In Play Magazine Nov/Dec 2008 Issue : Page 23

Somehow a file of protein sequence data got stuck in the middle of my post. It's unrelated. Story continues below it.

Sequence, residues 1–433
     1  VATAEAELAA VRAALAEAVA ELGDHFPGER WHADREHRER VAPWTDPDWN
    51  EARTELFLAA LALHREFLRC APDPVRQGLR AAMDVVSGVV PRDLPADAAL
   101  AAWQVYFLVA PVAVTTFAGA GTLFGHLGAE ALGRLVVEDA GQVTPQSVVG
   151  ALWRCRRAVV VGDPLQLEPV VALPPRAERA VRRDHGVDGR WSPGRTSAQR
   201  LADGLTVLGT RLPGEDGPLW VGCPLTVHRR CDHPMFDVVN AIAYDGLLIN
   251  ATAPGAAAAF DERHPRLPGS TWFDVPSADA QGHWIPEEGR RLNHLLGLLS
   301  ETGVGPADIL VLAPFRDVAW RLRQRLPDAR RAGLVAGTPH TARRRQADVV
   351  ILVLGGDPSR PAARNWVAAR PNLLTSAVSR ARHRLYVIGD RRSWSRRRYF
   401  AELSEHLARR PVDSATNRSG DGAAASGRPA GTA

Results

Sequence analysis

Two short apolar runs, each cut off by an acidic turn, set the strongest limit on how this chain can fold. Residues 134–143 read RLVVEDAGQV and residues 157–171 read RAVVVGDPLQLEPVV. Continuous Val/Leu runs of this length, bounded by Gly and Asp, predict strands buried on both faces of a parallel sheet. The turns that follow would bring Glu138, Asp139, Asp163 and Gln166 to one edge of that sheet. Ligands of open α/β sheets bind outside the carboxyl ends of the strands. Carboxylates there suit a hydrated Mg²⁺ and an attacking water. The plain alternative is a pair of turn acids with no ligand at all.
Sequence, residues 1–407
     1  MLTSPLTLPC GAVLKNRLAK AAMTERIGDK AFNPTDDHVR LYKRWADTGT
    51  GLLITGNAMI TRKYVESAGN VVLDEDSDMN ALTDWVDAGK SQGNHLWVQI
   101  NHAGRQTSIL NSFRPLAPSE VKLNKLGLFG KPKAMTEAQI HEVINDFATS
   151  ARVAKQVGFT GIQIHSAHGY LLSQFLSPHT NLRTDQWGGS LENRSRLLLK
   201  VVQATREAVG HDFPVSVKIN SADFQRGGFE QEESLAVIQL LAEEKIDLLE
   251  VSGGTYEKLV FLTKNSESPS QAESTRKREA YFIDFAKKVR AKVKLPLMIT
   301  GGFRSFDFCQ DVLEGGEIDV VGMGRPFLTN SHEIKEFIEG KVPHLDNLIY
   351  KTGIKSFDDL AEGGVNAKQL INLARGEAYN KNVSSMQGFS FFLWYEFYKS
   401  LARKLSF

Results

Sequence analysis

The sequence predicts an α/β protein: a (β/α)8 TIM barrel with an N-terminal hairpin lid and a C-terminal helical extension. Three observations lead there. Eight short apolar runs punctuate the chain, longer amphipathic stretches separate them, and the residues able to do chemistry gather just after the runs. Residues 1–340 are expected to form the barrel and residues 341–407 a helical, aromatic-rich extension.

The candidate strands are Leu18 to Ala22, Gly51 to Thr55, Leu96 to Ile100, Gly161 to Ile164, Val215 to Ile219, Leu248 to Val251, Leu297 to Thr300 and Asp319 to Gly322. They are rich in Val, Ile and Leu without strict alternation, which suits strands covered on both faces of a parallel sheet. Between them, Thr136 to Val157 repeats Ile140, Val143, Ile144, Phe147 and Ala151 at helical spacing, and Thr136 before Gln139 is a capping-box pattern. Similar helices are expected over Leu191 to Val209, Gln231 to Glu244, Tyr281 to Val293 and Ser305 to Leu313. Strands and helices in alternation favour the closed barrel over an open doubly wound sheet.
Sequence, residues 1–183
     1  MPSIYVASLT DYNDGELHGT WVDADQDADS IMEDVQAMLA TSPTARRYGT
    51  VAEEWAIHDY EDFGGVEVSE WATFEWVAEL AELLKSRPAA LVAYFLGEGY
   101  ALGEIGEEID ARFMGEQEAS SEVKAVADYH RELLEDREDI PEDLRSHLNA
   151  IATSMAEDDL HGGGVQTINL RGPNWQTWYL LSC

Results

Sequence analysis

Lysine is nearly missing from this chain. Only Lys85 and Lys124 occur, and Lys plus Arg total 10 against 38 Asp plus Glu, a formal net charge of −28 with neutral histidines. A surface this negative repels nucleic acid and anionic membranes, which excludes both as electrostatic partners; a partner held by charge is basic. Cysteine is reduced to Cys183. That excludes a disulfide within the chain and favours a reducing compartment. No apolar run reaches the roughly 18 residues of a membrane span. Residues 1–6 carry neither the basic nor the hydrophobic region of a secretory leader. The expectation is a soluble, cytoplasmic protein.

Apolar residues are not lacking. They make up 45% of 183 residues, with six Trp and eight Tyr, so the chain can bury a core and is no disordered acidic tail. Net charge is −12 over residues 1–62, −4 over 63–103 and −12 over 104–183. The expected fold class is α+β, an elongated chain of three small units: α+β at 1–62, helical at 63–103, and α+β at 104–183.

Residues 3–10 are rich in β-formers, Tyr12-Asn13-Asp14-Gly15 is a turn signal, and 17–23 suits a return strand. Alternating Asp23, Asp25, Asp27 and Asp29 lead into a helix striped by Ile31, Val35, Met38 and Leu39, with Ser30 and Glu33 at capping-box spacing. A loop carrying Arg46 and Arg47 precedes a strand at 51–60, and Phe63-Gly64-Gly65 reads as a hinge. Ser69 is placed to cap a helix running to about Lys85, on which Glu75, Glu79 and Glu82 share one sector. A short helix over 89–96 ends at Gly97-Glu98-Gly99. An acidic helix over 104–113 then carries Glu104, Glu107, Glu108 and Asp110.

idolize the man so much. I just think he is the Mecca of hockey. His moniker is just perfect – Mr. Hockey. I just thought it was appropriate to have him. As for Bob, I saw when he did the Winter Classic they had a little feature with “Slap Shot” in there. I’ve known Costas for a long time, he came out of the league we played in during the movie (Editors Note – Costas did play-by-play for the WHA Syracuse Blazers in 1973- 74), and I thought geez if anybody could add a little fl avor for what that league was like back then it was Costas. So I gave Bob a call, and you know its funny how you can connect with folks you don’t know very well. He said I’m really busy, but let me think about it. He called me back shortly thereafter and said I think I got something for you and he wrote it. IP: Having originally lined up Paul to do the foreward for the book I’m assuming you developed a friendship with him shooting “Slap Shot” all those years ago. What was it like working with him and how did he adapt to getting on the ice for the role? DH: First off, he was just an exceptional guy. From the fi rst time we all met him he was just an easy going guy – liked to laugh, liked to joke around - and the connection was there. We had a great time with him. I guess he skated a bit growing up in Ohio, but surprisingly for a guy that really didn’t skate a whole lot he did pretty well. There were only a couple of shots where we had real, live hockey action where they used a double. He would often come to us and ask for tips - how to do this or would a guy do that. He would also reciprocate and say why don’t you try this in this scene. He had a blast doing it, and he’s been quoted as saying that was the best time he had doing a movie. IP: So he had no hesitation working with a bunch of professional hockey players that didn’t have any acting experience? DH: He blended right in, he was one of the guys. Everybody knew that he was a star, but at the same time he never behaved like he was the star. IP: Now you are donating a portion of the book sales to his Hole in the Wall charities? DH: Any sales through my website ( of the book, or anything else that I sell on their, I’m going to donate a portion of the proceeds to his Hole in the Wall Camps. I had some personal experiences with his generosity and it’s just incredible to think that a man of his stature donated hundreds and hundreds of millions to seriously ill children. I just hope that I can help the cause by chipping in a little bit. IP: Now the book isn’t the only thing you’ve got going on, “Slap Shot 3: The Junior League” comes out at the end of November. Talk a little about doing the two sequels and why you all decided to revisit the characters after 25 years… DH: Well after the original they wanted us to do some more fi lms, they actually had one written and ready to go a year after we got done fi lming the fi rst one., but we couldn’t work it out because we wanted to play hockey. Literally 25 years later we got contacted by Universal Studios and they said we’re looking to do a sequel - would you guys be interested? I think they were a little concerned 25 years after the original what we would look like, what we could do. Could we still skate? Were we old balding men? But we were excited to go back and show them we still got it. Now we didn’t have any idea what the script would be like, but we got on a plane and went to Vancouver and had faith that it would be fun and good. It was very successful for Universal Studios and they wanted to do another and it’s coming out towards the end of November. IP: Now this second sequel is going to be rated PG, the fi rst two fi lms were both rated R, why the change? DH: That’s one of the things we talked about when we discussed doing a third one, there is an audience out there that we’ve come across that is kids. We have a huge following of kids and can we do something that the entire family can enjoy without having to plug their youngster’s ears. They came up with a really fun, neat script and we’ll see how it’s going to be received. IP: Dave thanks for taking the time to talk to us. Good luck on the book tour and the DVD release…we know a lot of our readers are going to be picking up both. DH: No problem, thank you. For more information about the “Slap Shot Original” book tour check out the In-Play! Forum’s event section and for more with Dave Hanson check out the In-Play! website in coming weeks for exclusive audio clips. Hear more from Hanson on making “Slap Shot,” the current state of the NHL and playing hockey in the old WHA and AHL days. You can pick up a copy of Dave Hanson’s new book and he will be doing a signing at Borders Books in Birmingham on November 18, 2008 at 7PM or at his website listed above. IN PLAY MAGAZINE • NOVEMBER/DECEMBER 2008 Dave Hanson On… Playing with Gordie Howe… “When you were on the ice against him you made sure to keep your head up and play hard. Obviously I played a tough guy role, but he never bothered me. I competed hard and wasn’t a cheap shot artist and anything I did, I did honorably - or at least tried to. Him and I never had any real problems against each other, but it was just a thrill.” Fighting in today’s game… “I think it’s an element that separates us from other major sports and there’s nothing wrong with it. It’s a way to police the game and I also think it’s just an exciting part of the game for the fans. You think about Probert and McSorley back in the day, everybody in the stands was on their feet. Those two guys just went at it and when they got done they tapped each other on the helmets, acknowledged hey great scrape and went to the boxes.” Playing for the Red Wings… “It was kind of a mixed review thing for me. When I got there the nickname of the team was the “Dead Wings” and the franchise was struggling, and when I was there I didn’t play much. When your part of team you enjoy the guys your with and playing at that level, but even though your collecting a major league pay check when your not playing your not happy.” Being on the cover of Sports Illustrated… “Those kind of things are just incredible. To have the Sports Illustrated front page in a year where I don’t think they had any hockey on the front page yet you have the Hanson Brothers on the cover – that was pretty exceptional.” 23